In the Federal Register of August 24, 1995 (60 FR 44182), FDA proposed the Prescription Drug Product Labeling: Medication Guide Requirements, designed to set specific distribution and quality goals and timeframes for distributing written information to patients. In the Federal Register of December 1, 1998 (63 FR 66378 at 66396), the agency published a final rule that established a program under which Medication Guides would be required for a small number of drugs considered to pose a serious and significant public health concern (21 CFR 208.20).

Evidence suggests that both the content (e.g., organization) and format (e.g., white space) of a document will impact the comprehension of patient information. Research on reading behavior and document simplification suggests that the use of less complex terminology presented in shorter sentences with a more organized, or chunked, structure should improve consumer processing for at least three reasons. First, it should decrease the cognitive load engendered by the current physician-directed format. Second, a more structured and organized patient information document should present a less imposing processing demand, increasing consumers' willingness and self-perceived ability to read and understand the presented material. Research with the format of over-the-counter (OTC) drug labels,4 the nutrition facts label,5 and other information formats6 demonstrates that information presented with section headings, graphics (such as bullets), and other design elements is more easily read than information presented in paragraph format. Consumers are more likely to engage in behavior they believe they can successfully complete.7 Third, a patient information document that provides readers with clearer “signals” regarding the most important information should help readers prioritize the importance of the presented information. This should increase the probability that the set of information identified as important is subjected to more complete mental processing, thereby increasing the communication of that information.8

As part of FDA's efforts to improve the patient information received with prescription drugs, a Risk Communications Advisory Committee meeting was held on February 26 and 27, 2009. At this meeting, committee members discussed issues such as the ones described previously in this document and listened to stakeholder problems regarding the design and distribution of patient information. Following the advisory committee meeting, the working group created four prototypes to aid discussion at a public workshop to be held later in the year.

This public workshop was held on September 24 and 25, 2009. During the workshop stakeholders from industry, consumer advocacy, and academia converged to discuss desirable features for a single-document patient leaflet, if that were to be developed, consumer tested and distributed. Participants were divided into six groups to address the pros and cons of the four prototypes with the goal of deciding which features participants appreciated and did not appreciate. Additional information on the September 24 and 25, 2009, public workshop, is available at​Drugs/​NewsEvents/​ucm168106.htm.

Given the information obtained from workshop participants, the working group refined several prototypes and designed a study to investigate the usefulness of three possible patient information formats from a user perspective. The results of this study will inform FDA as to the usefulness and parameters of various format options for the patient information documents.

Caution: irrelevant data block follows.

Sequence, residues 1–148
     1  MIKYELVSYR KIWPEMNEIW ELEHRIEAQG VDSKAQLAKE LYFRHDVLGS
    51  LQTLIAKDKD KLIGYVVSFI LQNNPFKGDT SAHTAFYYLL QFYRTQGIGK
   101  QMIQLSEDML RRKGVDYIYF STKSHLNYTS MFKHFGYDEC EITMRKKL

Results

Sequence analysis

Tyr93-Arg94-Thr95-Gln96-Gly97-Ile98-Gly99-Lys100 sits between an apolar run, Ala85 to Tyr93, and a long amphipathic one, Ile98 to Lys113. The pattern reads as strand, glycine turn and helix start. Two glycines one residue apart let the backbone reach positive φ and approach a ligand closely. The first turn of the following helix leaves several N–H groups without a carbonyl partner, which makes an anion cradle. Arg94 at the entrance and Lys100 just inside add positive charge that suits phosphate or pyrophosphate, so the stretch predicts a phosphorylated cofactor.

II. Description of the Project

This project is designed to test different ways of presenting information about prescription drugs to patients who have obtained a prescription. The information used will be based on a fictitious medication for the treatment of rheumatoid arthritis, ankylosing spondylitis, and plaque psoriasis. Data collection will occur via computer at training and testing facilities with orientation and debriefing conducted by interviewers. Participants will include adults who have been diagnosed with one of the conditions the fictitious drug treats. Participants will be prescreened to obtain a reasonable representation of health literacy, including those who score at the lower end of the scale. Questionnaire measures will include open- and closed-ended questions. Extensive pretesting of materials and stimuli will be conducted to refine the experimental stimuli and dependent measures and to ensure the stimuli meet minimum communication requirements and are delivering expected messages.

Proposed Study Design and Protocol

The study is experimental and will have two independent variables in a 3 x 2 design. The independent variables are Format (3 levels: Drug Facts, Minimal Column, and Column Plus) and Order (2 levels: Warning first and Indication first).Start Printed Page 23777


OrderDrug FactsMinimal ColumnColumn Plus
Warning first
Indication first

The Order manipulation will vary the primacy of the boxed warning information versus the paragraph about the uses to the drug. In terms of Format, the Drug Facts format will follow the conventions of the existing OTC labeling. The Minimal Column condition will contain information in two columns with only basic information in the sections regarding information patients should tell their doctors. The Column Plus condition will also present information in two columns, but will include additional contextual information in the sections about what information patients should report to their doctors.